Updated at the bottom: A body found in the hotel's water tank has markings matching those of Lam, police say. First posted at 1:34 p.m.

Police believe a body found on the roof of the Cecil Hotel downtown is that of missing Canadian tourist Elisa Lam, LAPD officials told the Weekly.

The discovery at 640 S Main St. was reported at 10:13 a.m. today, police said.

The woman was seen acting strangely in an elevator, apparently in the hotel lobby, on security video released by the department last week:

The 21-year-old arrived in Los Angeles Jan. 26 and was last seen Jan. 31, police said. It's not clear when the video was recorded.

A police official told us that detectives “believe” it's her body but that a positive identification would have to be made by coroner's investigators, who were called to the scene.

Authorities originally said they suspected “foul play” in Lam's disappearance, but now it's not so clear.

They said she had been headed to Santa Cruz as part of her travels.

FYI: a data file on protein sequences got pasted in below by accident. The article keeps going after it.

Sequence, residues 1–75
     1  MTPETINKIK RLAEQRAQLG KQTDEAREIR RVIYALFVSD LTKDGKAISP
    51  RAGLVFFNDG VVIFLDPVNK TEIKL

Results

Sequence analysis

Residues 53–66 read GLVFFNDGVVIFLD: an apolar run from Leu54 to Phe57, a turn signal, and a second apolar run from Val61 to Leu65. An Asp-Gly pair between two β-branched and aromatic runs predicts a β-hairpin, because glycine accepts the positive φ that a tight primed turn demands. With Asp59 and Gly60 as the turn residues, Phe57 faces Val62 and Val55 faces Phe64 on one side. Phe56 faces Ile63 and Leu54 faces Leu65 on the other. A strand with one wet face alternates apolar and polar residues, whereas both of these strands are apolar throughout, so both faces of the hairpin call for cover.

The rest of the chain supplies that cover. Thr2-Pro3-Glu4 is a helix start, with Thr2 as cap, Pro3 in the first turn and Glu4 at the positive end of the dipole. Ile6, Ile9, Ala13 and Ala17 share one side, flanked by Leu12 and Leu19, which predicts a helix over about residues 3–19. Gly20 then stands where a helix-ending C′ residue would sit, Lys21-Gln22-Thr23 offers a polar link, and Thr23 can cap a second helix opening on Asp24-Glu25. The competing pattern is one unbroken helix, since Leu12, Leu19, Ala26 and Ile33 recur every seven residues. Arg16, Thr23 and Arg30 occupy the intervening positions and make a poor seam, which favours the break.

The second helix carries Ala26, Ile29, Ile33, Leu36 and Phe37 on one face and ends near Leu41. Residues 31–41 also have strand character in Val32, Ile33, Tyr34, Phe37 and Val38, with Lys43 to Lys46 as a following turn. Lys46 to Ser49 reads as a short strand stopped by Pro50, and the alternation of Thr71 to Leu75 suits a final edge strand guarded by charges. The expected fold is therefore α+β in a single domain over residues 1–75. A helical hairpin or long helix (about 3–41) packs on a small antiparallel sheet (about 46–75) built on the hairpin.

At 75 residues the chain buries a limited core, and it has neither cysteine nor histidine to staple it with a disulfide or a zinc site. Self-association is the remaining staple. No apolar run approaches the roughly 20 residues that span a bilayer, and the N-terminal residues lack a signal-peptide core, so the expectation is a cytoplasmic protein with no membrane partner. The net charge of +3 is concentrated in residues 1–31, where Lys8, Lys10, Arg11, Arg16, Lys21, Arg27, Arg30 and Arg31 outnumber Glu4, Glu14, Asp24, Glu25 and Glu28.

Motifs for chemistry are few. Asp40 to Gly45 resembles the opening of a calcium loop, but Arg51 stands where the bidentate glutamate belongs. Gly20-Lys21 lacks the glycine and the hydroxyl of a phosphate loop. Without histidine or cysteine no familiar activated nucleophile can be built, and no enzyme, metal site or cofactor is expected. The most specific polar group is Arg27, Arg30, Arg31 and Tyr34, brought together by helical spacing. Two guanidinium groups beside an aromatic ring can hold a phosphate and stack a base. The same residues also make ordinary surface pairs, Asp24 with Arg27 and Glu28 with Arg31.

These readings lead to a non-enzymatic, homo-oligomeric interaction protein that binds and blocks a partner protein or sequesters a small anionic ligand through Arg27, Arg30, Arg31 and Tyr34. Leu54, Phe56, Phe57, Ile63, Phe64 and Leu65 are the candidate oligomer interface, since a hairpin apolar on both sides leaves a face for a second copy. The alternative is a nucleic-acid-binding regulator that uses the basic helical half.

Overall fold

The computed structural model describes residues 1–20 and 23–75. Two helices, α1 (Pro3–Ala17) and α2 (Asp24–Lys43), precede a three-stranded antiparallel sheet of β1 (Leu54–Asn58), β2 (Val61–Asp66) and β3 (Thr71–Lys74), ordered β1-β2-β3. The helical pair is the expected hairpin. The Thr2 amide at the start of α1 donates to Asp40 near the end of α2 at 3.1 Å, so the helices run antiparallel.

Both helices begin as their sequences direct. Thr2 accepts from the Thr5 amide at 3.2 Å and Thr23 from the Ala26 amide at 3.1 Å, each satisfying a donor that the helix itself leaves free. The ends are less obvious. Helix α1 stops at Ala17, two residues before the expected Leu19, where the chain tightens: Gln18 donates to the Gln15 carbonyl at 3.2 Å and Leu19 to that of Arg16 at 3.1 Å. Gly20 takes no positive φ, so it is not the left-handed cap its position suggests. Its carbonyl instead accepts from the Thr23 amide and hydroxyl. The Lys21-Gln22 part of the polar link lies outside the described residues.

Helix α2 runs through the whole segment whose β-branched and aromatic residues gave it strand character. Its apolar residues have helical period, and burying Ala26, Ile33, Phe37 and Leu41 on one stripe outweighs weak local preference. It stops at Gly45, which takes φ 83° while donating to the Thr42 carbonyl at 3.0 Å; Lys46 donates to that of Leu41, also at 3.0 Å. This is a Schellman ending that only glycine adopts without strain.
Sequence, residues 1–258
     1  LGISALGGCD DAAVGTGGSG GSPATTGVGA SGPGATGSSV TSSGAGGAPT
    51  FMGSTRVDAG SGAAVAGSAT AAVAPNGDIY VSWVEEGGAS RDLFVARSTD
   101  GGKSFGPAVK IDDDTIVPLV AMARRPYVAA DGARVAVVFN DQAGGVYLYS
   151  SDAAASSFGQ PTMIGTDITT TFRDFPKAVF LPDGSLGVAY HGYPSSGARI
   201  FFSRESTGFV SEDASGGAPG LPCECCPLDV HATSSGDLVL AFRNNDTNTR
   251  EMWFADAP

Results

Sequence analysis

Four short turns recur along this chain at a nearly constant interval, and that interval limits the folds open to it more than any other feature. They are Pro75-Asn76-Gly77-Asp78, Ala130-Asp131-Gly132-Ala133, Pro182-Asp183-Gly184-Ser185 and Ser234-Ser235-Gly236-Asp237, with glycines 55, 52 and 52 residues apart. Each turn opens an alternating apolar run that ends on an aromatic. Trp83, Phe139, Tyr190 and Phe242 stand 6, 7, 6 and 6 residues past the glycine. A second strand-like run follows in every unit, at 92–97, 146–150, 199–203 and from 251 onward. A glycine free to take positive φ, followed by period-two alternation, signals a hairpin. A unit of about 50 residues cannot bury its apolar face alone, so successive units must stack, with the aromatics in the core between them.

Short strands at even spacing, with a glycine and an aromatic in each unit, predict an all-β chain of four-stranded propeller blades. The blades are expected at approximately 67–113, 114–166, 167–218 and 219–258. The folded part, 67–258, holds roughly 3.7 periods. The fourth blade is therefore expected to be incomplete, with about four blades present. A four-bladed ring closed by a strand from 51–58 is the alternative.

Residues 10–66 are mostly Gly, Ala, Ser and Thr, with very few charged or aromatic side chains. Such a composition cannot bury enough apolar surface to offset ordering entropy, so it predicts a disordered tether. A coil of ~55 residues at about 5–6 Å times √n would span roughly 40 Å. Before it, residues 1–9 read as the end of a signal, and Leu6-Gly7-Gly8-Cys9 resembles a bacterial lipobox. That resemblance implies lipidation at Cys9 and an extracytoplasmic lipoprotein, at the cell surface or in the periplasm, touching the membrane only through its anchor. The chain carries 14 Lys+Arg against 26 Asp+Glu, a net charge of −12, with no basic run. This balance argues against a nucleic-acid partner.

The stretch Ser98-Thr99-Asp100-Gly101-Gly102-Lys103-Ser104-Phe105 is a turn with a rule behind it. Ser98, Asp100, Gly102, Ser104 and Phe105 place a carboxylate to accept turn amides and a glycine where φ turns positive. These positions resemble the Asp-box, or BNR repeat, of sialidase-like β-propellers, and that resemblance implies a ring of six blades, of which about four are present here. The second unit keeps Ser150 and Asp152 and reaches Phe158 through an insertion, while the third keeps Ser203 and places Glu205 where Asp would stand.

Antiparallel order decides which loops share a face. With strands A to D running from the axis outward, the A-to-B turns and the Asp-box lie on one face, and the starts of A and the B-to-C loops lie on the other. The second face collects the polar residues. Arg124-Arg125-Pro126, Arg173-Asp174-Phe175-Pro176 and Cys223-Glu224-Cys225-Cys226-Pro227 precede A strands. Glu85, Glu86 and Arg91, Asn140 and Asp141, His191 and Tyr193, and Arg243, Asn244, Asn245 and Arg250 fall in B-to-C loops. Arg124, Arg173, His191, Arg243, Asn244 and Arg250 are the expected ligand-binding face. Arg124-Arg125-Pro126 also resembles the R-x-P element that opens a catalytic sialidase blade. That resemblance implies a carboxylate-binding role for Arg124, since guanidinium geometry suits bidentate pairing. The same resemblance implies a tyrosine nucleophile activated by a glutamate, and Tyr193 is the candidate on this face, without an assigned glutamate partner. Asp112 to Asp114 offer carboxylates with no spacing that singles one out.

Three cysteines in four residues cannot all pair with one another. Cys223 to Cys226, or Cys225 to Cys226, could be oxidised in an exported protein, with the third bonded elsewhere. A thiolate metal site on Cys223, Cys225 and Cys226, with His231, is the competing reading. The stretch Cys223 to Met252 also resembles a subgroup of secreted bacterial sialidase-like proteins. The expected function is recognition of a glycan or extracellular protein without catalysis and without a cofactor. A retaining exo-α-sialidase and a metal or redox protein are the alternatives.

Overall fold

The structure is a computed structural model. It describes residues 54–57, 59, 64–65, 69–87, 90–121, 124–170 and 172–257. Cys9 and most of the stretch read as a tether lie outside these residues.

The circa-1927 Cecil, which markets itself as lodging for European travelers, is on the edge of Skid Row. It appears to have 14 stories.

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See also:

*Elisa Lam: Video Of Missing 21-Year-Old Released By LAPD.

*Elisa Lam: 21-Year-Old Missing From Downtown L.A. Possible Victim Of Foul Play.

[Update at 1:58 p.m.]: LAPD Officer Bruce Borihanh tells the Weekly that a body was found in the hotel's working water tank on its roof.

He said that after some guests complained of low water pressure in their bathrooms a “maintenance man” went up to take a look and found the body of a woman in her 20s inside the tank this morning.

The Los Angeles Fire Department tells us they were called to the area at 1:10 p.m. today. Borihanh says firefighters are working as we speak in an attempt to remove the body.

[Update at 11:09 p.m.]: Police tonight told City News Service that the body has markings that match those of Lam, leading cops to believe it is indeed the missing woman: The corner's office has ID'd the body but would not release a name until next-of-kin was notified.

Hotel management told CNS that the doors to the roof were locked and had alarms, but that someone could otherwise have accessed the tank.

[@dennisjromero / djromero@laweekly.com / @LAWeeklyNews]

LA Weekly